Feeling Powerless? Call the Midwives

///Feeling Powerless? Call the Midwives

Feeling Powerless? Call the Midwives

The Rev. Sarah Buteux

August 27, 2017
Exodus 1:8 – 2:10
Proper 16 A

There was a story I loved as a kid. It was the story of how a group of people in Denmark confounded the Nazis during WWII. During the occupation, when the order came down that Jewish citizens would be required to wear a yellow star of David, the Danish people thwarted the order by all electing to wear yellow stars so their Jewish neighbors could not be easily singled out.

Anyone else remember hearing that story as a kid? The way I heard it, it was the mayor of a small town who went door to door under cover of darkness whispering the plan of resistance to his neighbors. No one knew who would go along with the idea, but when morning came, every townsperson stepped out into the light with a star on.

The story you see nowadays online holds that it was the King of Denmark who came up with the idea.“One Dane is exactly the same as the next Dane,” he said. He vowed that he himself would wear a star and he expected his loyal subjects to do the same.

Either way, according to the story most of the Danes complied and many Jewish lives were saved as a result. It’s a great story. A story of ordinary people confounding the powers of evil without lifting a weapon or harming a soul. It’s an incredible example of the power of creativity and solidarity in the face of forces that seem insurmountable. I wanted to know more about the story so I looked it up on line and guess what I found out?

It’s not true.
I know.
I hate Snopes.

(Actually, that’s not true. I really appreciate their work. For those of you who don’t know, SNOPES is a website that debunks all the apocryphal stories your well meaning friends and family insist on forwarding to you. It’s a total killjoy – an equal opportunity killjoy – but a killjoy none the less.)

The truth is that it’s hard to find good stories of non-violent resistance and civil disobedience. Which is not the same thing as saying that we lack for good examples. There are plenty of good examples.

But good stories…stories with a crisp clear beginning, ingeniously brave middle, and triumphant end – like the one about everyone wearing yellow stars- stories like that are hard to come by because campaigns of change that rely on civil disobedience are hard to pull off.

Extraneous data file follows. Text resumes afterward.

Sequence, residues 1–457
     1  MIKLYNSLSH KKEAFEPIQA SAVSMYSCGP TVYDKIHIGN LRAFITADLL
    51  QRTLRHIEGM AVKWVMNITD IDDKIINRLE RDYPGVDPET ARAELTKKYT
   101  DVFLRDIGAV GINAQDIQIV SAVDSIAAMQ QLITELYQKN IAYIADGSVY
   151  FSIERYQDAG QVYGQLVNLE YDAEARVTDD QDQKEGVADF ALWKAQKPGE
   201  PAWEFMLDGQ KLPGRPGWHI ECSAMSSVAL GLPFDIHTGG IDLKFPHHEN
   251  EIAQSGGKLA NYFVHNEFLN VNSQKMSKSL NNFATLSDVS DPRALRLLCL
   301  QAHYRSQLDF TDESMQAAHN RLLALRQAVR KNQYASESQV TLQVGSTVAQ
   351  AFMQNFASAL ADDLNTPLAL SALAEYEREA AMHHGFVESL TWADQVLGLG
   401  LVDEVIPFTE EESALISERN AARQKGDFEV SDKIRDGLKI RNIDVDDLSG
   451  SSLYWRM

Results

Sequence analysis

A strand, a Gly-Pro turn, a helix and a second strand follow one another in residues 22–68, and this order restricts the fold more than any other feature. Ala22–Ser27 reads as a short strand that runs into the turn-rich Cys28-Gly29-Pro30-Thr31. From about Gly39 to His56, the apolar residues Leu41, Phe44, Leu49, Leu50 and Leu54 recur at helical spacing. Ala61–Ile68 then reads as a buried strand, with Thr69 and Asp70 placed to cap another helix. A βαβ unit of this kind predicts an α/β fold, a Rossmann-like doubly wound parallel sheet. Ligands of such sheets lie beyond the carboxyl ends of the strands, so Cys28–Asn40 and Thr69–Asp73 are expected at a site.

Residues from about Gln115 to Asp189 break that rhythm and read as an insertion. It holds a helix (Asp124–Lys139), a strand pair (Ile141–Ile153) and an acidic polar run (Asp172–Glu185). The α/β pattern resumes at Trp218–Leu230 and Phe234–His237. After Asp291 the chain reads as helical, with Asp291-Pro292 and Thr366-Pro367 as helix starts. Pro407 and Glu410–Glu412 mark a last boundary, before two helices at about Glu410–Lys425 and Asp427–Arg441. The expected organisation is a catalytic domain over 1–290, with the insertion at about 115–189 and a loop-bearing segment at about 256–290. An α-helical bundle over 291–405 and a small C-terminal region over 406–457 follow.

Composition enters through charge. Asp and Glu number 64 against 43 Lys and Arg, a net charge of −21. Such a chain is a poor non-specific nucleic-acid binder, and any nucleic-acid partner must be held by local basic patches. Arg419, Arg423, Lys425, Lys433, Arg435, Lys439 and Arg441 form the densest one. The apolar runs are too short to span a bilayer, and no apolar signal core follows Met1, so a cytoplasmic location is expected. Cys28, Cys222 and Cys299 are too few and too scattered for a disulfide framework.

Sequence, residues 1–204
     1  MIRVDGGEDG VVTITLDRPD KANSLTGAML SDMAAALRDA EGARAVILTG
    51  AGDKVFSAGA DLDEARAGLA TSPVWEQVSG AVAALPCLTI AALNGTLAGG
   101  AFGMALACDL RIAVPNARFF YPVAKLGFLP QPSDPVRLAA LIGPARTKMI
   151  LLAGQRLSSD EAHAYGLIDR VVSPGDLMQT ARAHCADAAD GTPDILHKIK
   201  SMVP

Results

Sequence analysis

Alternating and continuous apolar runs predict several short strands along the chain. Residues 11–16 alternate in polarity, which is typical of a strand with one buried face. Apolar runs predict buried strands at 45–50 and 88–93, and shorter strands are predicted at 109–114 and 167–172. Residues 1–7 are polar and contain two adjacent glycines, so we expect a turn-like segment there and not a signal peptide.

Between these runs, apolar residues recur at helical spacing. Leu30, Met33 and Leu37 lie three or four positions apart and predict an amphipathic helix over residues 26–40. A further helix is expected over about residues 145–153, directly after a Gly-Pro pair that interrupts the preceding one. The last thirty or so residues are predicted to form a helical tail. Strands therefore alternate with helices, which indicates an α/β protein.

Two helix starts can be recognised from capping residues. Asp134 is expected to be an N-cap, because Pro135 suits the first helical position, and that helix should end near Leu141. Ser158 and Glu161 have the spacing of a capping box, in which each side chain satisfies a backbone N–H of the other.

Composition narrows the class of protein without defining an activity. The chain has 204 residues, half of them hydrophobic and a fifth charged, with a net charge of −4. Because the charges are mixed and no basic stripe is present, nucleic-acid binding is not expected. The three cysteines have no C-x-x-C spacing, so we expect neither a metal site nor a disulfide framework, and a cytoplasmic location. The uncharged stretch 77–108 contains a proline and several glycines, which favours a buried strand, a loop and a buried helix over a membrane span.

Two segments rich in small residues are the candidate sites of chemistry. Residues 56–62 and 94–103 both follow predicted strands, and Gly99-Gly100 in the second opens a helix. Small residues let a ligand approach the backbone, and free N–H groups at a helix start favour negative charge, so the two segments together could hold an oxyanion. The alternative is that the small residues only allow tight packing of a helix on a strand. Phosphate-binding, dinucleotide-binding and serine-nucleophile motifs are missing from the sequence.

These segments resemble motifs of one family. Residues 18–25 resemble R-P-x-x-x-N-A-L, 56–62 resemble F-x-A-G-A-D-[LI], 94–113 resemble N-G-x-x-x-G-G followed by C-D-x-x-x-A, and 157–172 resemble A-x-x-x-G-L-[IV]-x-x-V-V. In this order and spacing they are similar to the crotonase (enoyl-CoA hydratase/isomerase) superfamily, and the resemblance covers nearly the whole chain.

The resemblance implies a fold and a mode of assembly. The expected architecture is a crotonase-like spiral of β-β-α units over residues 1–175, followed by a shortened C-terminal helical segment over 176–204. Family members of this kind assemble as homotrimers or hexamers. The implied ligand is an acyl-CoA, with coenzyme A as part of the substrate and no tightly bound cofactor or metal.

Non-violent resistance is rarely the obvious route. It’s often slow and quiet. It can seem weak and ineffectual. It isn’t sexy or powerful, at least not in the conventional sense. And it isn’t safe. But unlike fighting force with force – which only ever seems to beget more violence – more often than not, it works.

Like yeast in the dough or seeds in the ground, non-violent resistance and acts of civil disobedience have the power to ever so slowly re-shape the landscape, up-end the status quo, and change the world.

Take a look at Shiphrah and Puah, the midwives who defied Pharaoh. Now here we have both a good example and a good story. In fact, this is the first recorded story of civil disobedience in scripture. And hey folks, I know the Bible can sometimes seem outdated. After all, these events took place over 3000 years ago, but hang in there with me and see if any of this sounds relevant.

We’re reading this morning from the book of Exodus where we learn that a new “king” has arisen in Egypt. This new Pharaoh is the now the most powerful man in the unfree world. He rules over all yet, like all tyrants, he himself is ruled by fear…fear that he could lose it all if he’s not careful.

And so to shore up his power he resorts to the age-old strategy of rallying his base against a common enemy: in this case the Hebrew immigrants who had fled their homeland out of desperation and come to settle in his country.

Well, Pharaoh doesn’t trust these Hebrews. These foreigners pose a security risk, he says. They are not like us. They don’t speak our language. They are not of our race. They could align with our enemies at any moment. Not only that, there are so many of them and so few of us, says Pharaoh, that we need to do something before they take over our country.

We’re losing our edge here. Things are out of hand. We need to make Egypt great again, so here’s an idea: let’s put them to work. Let’s work them so hard that they’ll be too tired to multiply anymore. We’ll give them the hardest, most menial labor we can imagine – all the jobs we don’t want to do. We’ll push them down so far they won’t ever be able to rise up …and then we’ll feel safe again.

But the Hebrews merely grew stronger and more numerous and as a result Pharaoh only grew more fearful and suspicious. He exercised nearly complete control over them, but it wasn’t enough, and as a result his mind took an even darker turn. He decided he needed to get to the root of the problem…babies…we need to kill their babies… Which is horrific, sure, but not all that surprising, because that’s how the logic of racism works.

In his “The Other America” speech in 1967, the Rev. Dr. Martin Luther King Jr. said as much:

“In the final analysis, racism is evil because its ultimate logic is genocide. Hitler was a sick and tragic man who carried racism to its logical conclusion. … If one says that I am not good enough to live next door to him, if one says that I am not good enough to eat at a lunch counter, or to have a good, decent job, or to go to school with him merely because of my race, he is saying consciously or unconsciously that I do not deserve to exist.”